Bronte Forrester, 17, who lost her home in the 2003 fires leaves a flower in the pool at the bushfire memorial on Friday. Photo: Rohan Thomson
Canberrans have been urged to harness the energy and community spirit that followed the January 18 firestorm to tackle ongoing problems in the national capital such as homelessness as a lasting legacy from the disaster.
The importance of family, friends and a strong community was also emphasised at Friday’s commemoration ceremony to mark 10 years since the firestorm in which four people died, almost 500 homes were destroyed, hundreds of people were injured and thousand of animals killed.
Speaking at the ceremony at the ACT Bushfire Memorial, Chief Minister Katy Gallagher acknowledged the four people who had died - Dorothy McGrath, 77; Alison Tener, 38; Doug Fraser, 61 and Peter Brooke, 73.
Everyone crowds into the shade at the official commemoration of the 2003 bush fires.
‘‘We pay our deepest respect to those who lost so much that day, for lives and families that were changed forever,’’ Ms Gallagher said.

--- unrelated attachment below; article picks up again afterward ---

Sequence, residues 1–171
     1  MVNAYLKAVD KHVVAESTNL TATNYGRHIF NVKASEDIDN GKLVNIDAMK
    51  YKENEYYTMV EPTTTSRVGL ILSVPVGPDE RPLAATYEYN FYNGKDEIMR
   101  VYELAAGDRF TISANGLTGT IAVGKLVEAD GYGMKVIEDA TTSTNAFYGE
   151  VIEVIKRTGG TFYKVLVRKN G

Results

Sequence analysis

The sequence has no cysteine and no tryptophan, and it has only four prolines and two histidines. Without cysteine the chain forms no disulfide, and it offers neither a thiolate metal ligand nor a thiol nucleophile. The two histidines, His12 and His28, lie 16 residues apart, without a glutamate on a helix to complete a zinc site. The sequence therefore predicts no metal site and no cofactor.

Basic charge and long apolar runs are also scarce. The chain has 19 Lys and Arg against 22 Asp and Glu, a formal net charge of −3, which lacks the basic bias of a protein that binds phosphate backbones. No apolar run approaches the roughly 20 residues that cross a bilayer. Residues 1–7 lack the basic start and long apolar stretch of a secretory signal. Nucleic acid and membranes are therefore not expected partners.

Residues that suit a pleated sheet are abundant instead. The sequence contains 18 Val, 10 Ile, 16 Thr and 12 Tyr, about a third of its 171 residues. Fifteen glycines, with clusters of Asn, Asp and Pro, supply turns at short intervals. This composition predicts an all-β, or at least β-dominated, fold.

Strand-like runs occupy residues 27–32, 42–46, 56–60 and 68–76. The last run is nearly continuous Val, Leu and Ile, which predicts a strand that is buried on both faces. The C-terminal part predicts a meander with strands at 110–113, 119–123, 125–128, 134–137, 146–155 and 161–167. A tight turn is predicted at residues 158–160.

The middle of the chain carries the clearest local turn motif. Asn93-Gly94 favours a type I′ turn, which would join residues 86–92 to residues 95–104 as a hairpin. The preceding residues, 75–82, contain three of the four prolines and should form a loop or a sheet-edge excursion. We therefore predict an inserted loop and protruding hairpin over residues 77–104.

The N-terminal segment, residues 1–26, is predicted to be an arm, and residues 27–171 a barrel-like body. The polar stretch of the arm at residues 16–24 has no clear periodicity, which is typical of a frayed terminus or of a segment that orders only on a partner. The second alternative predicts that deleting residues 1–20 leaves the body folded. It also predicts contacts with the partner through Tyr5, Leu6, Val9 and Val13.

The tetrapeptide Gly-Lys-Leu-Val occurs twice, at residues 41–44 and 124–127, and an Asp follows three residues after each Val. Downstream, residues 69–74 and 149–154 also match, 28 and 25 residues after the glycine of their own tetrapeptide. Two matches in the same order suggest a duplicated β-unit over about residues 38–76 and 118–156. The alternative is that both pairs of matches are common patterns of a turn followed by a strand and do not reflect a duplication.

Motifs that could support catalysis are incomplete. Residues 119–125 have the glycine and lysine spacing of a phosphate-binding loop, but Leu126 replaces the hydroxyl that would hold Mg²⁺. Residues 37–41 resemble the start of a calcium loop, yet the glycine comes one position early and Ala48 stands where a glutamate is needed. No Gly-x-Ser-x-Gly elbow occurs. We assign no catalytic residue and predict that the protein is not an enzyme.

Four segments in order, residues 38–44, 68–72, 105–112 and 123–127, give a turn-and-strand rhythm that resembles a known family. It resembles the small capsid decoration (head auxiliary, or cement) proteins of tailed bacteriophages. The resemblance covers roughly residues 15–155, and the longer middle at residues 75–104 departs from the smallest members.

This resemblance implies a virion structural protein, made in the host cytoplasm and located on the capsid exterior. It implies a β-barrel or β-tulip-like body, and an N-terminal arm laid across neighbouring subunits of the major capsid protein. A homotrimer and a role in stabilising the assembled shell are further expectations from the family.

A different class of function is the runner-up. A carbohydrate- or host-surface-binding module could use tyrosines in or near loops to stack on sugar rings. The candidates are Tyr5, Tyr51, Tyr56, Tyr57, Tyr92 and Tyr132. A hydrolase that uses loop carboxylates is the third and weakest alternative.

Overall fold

‘‘But we also give thanks for everything we have: our strength and resilience as a city, a proud city, home to a community that comes together and that will always remember January 18, 2003 as a defining date in Canberra’s ongoing story.’’
A touching, silent tribute was also made to Ms Tener by her then husband David and their sons, Adam, 24, Jason, 22, and Simon, 19; who left a bright pink bunch of flowers for her at one of the remembrance walls at the memorial.
Recovery ... Jane Smyth, whose home in Chapman was destroyed in the firestorm said residents who were helped by others in the catastrophe wanted to give back to the community. Photo: Rohan Thomson
Those at the ceremony were also invited to place flowers on the reflective pond, white for remembrance and purple for pride. Among those who did was Bronte Forrester, 17, whose family home in Chapman was destroyed in the firestorm.
Only seven at the time of the firestorm, she remembered a panicked trip back to Canberra from out of town and later asking her parents, in the innocent way only a child can do, ‘‘Why are you crying? It’s only a house.’’
‘‘Obviously, it was very devastating for everyone but it’s nice to think of what’s important; and family’s important, not the things that we possess,’’ she said, 10 years later.
Special memorial of the tenth anniversary of the Canberra fires
Special memorial of the tenth anniversary of the Canberra fires. Photo: Rohan Thomson
More than 200 people attended the ceremony on Friday morning when the temperature had already reached 34 degrees and a total fire ban day had been declared.
Jane Smyth, whose home in Chapman was destroyed in the firestorm and who was a community representative during the recovery, told the gathering that residents who had been helped in the months and years after the firestorm now wanted to give back. They had suggested homelessness be the focus of that same wonderful community response that followed the bushfires.